The relationship between cognitions and symptoms in obsessive-compulsive disorder

Lee Tibi, Patricia van Oppen, Anton J.L.M. van Balkom, Merijn Eikelenboom, Gert Jan Hendriks, Gideon E. Anholt

Research output: Contribution to journalArticleAcademicpeer-review

Abstract

Background The cognitive theory of obsessive-compulsive disorder (OCD) ascertains that catastrophic (mis)interpretations of normally occurring intrusive thoughts are related to the maintenance of OCD. Nonetheless, findings supporting the relationship between cognitive biases and OCD symptoms are largely inconsistent. In the present study we examined the relationship between OCD cognitions and symptoms among 382 OCD patients participating in the longitudinal Netherlands Obsessive Compulsive Disorder Association (NOCDA) study. Methods OCD cognitions and OC, anxiety and depressive symptoms were assessed using self-report questionnaires at baseline and at two-year follow-up. Baseline multiple regression analyses assessed the specificity of OC cognitions to OCD symptoms. Cross-lagged analyses examined whether cognitions predict OCD symptoms at two-year follow up. Results Baseline analyses demonstrated significant relationships between comorbid anxiety, depressive severity and OC cognitions, adjusted for OCD symptoms (β =.283, p <.001 and β =.246, p <.001, respectively). OCD severity adjusted for comorbid symptoms was unrelated to cognitions at baseline (β =.040, p = n.s). Unique associations were found between cognitions and two OCD symptom subtypes (Impulses: β =.215, p <.001; Rumination/doubting: β =.205, p <.001). Longitudinal analyses yielded non-significant associations between OCD cognitions and symptom severity. Prospective analyses of cognitions and OCD symptom subtypes yielded significant effects for both bidirectional and unidirectional associations (β =.11–.16, p <.05). Limitations Given the naturalistic design of the study, we did not assess therapeutic interventions between baseline and follow-up. Conclusions Results only partially concord with the predictions of the cognitive theory of OCD. Future studies should focus on mechanisms alternative to cognitions when investigating the course of OCD.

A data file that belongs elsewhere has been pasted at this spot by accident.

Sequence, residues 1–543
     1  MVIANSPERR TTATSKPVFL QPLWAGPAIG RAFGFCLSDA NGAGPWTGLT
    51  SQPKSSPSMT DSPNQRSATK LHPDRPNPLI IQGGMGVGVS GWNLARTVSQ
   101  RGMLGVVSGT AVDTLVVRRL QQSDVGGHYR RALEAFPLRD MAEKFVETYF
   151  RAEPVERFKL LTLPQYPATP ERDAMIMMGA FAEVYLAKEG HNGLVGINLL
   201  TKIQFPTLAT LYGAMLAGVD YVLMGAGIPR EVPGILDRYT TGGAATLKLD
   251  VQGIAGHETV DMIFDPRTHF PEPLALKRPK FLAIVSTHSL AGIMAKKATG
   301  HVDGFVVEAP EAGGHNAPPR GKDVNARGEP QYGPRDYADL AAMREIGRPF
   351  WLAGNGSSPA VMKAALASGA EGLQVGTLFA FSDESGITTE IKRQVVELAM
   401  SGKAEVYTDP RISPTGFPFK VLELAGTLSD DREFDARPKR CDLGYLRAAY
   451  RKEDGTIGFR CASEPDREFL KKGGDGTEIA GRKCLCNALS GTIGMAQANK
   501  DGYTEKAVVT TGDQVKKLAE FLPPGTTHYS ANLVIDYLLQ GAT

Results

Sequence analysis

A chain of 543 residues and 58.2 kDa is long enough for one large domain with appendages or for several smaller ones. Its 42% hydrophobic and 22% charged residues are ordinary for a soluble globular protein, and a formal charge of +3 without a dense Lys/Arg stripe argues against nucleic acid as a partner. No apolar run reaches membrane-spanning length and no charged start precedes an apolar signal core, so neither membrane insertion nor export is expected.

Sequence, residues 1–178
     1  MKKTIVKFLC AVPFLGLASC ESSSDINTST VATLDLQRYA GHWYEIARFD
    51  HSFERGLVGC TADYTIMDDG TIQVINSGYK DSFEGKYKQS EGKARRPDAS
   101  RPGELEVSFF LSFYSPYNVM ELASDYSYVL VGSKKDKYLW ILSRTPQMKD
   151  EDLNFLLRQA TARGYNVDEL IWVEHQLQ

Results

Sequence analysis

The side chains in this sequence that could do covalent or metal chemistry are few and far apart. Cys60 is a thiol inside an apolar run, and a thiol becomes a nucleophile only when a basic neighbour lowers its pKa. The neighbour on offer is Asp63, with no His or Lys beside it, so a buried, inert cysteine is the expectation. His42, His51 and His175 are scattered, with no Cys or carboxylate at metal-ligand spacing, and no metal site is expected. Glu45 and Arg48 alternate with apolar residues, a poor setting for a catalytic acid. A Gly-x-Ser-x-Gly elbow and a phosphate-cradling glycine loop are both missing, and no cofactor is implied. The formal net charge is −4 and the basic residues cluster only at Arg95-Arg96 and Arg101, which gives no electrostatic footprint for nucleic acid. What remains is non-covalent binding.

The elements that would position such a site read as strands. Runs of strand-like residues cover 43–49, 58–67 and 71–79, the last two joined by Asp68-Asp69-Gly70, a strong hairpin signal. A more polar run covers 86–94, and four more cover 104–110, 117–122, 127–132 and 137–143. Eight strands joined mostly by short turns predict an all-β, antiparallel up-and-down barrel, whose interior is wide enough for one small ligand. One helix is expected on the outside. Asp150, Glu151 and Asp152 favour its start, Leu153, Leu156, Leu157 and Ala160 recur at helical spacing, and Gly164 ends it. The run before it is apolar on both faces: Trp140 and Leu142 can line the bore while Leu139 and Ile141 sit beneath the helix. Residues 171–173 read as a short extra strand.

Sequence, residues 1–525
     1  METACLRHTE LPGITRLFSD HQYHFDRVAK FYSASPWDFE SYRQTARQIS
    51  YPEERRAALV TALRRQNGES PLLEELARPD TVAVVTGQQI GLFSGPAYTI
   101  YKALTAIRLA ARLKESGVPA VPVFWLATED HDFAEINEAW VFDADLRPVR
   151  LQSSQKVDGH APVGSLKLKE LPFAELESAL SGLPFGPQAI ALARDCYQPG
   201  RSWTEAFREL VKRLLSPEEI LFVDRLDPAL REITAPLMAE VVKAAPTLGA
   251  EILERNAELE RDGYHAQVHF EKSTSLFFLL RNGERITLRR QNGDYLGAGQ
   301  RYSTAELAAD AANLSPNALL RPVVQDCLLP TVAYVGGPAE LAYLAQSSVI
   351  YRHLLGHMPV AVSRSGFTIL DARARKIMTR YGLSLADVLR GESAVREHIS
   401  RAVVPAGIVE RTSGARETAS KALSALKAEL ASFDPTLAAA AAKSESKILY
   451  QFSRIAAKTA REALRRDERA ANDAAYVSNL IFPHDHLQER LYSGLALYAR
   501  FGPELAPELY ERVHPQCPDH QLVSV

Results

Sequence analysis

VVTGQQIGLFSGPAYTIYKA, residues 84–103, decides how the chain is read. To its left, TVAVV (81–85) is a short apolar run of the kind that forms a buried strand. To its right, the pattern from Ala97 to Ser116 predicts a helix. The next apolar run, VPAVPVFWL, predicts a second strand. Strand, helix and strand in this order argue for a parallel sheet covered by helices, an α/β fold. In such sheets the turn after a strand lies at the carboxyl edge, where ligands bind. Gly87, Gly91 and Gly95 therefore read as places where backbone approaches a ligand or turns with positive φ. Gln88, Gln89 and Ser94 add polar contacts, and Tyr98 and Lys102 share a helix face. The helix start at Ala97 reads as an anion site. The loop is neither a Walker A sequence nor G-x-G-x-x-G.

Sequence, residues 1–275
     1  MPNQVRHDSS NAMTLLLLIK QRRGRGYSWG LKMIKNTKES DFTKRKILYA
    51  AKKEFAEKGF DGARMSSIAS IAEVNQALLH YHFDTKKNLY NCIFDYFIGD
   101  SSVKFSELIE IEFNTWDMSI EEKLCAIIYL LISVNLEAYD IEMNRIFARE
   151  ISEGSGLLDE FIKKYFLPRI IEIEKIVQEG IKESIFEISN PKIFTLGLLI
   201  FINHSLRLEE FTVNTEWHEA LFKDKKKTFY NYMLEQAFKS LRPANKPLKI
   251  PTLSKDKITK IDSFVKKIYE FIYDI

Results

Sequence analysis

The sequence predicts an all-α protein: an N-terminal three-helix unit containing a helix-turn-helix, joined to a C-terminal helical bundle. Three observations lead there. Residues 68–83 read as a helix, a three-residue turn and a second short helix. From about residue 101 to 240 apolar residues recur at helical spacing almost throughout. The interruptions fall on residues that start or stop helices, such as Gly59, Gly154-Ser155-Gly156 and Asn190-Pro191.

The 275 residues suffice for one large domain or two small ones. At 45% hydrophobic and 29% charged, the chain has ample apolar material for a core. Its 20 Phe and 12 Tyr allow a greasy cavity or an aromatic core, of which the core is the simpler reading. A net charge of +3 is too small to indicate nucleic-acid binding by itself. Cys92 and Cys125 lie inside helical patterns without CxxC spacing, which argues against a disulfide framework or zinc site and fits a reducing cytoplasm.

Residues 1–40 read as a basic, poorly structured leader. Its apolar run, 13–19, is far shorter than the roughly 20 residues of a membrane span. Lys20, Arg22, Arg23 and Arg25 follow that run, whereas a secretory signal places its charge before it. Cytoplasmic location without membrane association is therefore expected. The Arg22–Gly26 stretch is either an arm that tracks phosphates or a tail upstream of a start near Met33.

Original languageEnglish
Pages (from-to)495-502
Number of pages8
JournalJournal of Affective Disorders
Volume225
DOIs
Publication statusPublished - 1 Jan 2018

Cite this

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title = "The relationship between cognitions and symptoms in obsessive-compulsive disorder",